• Expansion of TCES to include children’s equipment to more effectively support young people with disabilities;
  • Explore Trusted Assessor model for hospital and Medical Receiving Unit (MRU) to facilitate more rapid hospital discharge;
  • Full delivery of Making Safeguarding Personal (a national document) to better meet the needs of individual citizens who were subject to abuse or neglect, or at risk of the same;
  • Implement plans to combine the Access and Safeguarding Adults Team to improve the flow of information and streamline referral processes;
  • Implement the future structure of the forensic social work service, following review, to ensure the service continued to provide safe and effective support to citizens and the broader community.  This would be offered on a South Tees basis as the footprint worked well for the local CCG;
  • Maximise opportunities to positively influence the NHS Integrated Care System and Integrated Care Partnership processes and structures aimed at improving health and care;
  • Recommissioning of Adult Social Care frameworks encompassing Mental Health/Learning Disabilities/Physical Disabilities to deliver value for money and improved outcomes;
  • Review reablement service at six months, following implementation of the new model, to ensure optimum efficiency;
  • Review the structure of social work fieldwork teams in preparation for re-location to One Centre Square, and to ensure that services met the changing needs of citizens and their families; and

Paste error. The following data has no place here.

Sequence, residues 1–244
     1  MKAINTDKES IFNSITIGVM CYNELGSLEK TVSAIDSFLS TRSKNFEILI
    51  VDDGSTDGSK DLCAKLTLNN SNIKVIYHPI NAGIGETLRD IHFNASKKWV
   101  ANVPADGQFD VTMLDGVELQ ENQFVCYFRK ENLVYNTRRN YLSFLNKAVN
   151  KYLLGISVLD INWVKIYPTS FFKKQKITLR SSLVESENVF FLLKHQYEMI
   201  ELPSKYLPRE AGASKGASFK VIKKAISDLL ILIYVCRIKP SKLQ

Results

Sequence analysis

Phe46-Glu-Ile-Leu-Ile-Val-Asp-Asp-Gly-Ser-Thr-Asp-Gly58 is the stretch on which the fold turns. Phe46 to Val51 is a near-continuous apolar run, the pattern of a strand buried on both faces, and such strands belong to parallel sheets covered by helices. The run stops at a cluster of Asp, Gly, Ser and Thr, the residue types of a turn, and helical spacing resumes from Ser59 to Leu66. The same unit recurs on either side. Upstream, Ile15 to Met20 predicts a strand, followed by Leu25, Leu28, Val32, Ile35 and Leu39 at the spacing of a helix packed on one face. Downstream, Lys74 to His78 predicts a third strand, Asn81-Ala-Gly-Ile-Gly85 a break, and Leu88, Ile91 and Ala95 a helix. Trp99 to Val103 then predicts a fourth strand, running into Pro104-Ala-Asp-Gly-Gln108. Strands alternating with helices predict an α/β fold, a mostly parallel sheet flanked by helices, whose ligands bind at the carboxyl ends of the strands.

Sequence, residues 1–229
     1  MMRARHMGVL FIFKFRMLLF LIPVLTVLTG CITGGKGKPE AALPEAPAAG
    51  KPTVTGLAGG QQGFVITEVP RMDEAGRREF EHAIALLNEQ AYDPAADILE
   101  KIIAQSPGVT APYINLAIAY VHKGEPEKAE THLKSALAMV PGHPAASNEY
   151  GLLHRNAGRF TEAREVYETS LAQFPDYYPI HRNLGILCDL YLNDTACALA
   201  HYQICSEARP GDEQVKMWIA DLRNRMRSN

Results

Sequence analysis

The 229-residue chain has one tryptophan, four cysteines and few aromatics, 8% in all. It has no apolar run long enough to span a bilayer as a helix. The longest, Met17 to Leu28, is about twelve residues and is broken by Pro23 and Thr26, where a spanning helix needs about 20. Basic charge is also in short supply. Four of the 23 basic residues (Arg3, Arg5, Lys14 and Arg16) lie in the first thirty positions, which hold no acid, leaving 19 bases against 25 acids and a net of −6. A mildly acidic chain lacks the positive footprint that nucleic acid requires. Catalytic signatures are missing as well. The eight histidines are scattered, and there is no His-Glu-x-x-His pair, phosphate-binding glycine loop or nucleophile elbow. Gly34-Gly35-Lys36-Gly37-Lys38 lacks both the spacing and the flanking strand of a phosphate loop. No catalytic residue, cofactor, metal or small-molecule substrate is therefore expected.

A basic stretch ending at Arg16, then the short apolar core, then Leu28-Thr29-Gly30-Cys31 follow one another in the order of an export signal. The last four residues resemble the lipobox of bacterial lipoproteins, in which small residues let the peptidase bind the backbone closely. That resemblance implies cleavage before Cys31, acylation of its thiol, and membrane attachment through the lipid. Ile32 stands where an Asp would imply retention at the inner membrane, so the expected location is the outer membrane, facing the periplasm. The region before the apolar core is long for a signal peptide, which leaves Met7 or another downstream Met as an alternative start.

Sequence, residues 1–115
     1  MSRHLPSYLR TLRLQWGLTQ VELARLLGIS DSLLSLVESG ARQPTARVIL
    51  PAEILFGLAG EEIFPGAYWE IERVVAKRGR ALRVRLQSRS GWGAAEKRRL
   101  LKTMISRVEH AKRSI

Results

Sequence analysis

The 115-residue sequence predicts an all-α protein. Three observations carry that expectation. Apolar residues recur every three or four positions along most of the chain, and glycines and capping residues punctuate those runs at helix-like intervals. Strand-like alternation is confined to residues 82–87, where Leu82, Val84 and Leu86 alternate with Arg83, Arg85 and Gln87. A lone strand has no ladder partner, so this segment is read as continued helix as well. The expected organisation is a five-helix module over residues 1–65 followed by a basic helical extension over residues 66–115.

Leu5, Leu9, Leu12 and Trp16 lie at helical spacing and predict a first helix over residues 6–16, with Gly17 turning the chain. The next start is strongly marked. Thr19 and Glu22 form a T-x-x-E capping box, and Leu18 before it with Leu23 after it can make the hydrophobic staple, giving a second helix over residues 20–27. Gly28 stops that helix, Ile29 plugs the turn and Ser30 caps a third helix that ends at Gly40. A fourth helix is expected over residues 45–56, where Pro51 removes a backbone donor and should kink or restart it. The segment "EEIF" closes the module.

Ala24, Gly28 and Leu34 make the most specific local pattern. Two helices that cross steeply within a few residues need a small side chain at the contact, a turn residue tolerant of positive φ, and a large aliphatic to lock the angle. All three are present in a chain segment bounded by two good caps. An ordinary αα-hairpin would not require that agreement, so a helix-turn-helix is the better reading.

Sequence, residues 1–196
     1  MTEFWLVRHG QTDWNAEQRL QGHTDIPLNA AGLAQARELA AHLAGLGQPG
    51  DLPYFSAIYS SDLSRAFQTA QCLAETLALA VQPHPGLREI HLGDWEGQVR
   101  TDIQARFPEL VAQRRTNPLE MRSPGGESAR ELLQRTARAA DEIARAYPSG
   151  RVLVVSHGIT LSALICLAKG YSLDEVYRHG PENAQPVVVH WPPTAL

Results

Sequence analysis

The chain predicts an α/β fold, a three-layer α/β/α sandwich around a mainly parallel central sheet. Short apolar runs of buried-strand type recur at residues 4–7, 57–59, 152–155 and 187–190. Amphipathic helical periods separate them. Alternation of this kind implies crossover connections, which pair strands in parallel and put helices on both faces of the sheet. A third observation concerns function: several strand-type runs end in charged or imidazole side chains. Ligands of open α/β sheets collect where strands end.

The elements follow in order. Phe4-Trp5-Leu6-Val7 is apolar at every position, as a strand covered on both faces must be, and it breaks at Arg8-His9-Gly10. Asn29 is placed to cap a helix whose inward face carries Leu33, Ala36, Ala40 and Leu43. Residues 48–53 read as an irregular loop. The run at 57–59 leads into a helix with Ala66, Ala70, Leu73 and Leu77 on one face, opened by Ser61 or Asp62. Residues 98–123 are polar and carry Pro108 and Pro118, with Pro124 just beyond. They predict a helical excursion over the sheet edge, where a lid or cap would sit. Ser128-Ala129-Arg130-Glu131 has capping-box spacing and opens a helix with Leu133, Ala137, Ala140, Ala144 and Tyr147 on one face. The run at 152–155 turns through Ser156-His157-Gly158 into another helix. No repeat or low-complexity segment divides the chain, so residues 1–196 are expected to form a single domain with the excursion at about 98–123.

• Undertake business planning and preparation in response to the forthcoming Green Paper(s) on the long-term funding of social care.

A Member made reference to the care system and the increasing number of LGB&T residents who would be entering services over the coming years.  Consideration was given to the previous review undertaken by the Panel in respect of 'The LGB&T Community and Elderly Care’.  The Democratic Services Officer would circulate a copy of this report to the Panel Members, for information.  The Panel discussed care home environments and the provision for LGB&T residents in the future.  Work would continue to take place in this regard.

 

The Panel was appraised of the current challenges facing the service area, which were identified as follows:

  • Financial position of the NHS locally - local Trust and CCG pressures;
  • Fragility of the local care provider marketplace;
  • Green Paper(s) on funding for Adult Social Care - when and what?
  • Increasing Complexity within the groups supported;
  • NHS Long Term Plan/Integration challenges - regional versus local need;
  • Pressure of "austerity" - the financial allocation had reduced from approximately £43M in 2014/2015 to approximately £36M in 2019/2020; and
  • Reliance on short term funding - Improved Better Care Fund (iBCF), winter pressures monies, etc.

The Chair thanked the Director of Adult Social Care and Health Integration for his attendance and the information conveyed.

 

AGREED that:

  1. The Democratic Services Officer would circulate a copy of the Panel’s previous report regarding 'The LGB&T Community and Elderly Care’ to the Panel Members, for information; and
  2. The information, as presented, be noted.
19/7 DATE OF NEXT MEETING

Following discussion, the Panel agreed that the next meeting would be scheduled for Tuesday, 30 July 2019 at 10.30 a.m.

 

In consultation with the Chair, the Democratic Services Officer would prepare a draft schedule of meetings for the remainder of the municipal year, and submit it to the 30 July 2019 meeting for approval.

 

AGREED that:

  1. The Panel’s next meeting would be scheduled for Tuesday, 30 July 2019 at 10.30 a.m.; and
  2. A full draft schedule of meeting dates for the remainder of 2019/2020 would be drafted in consultation with the Chair, and forwarded to the 30 July 2019 meeting for approval.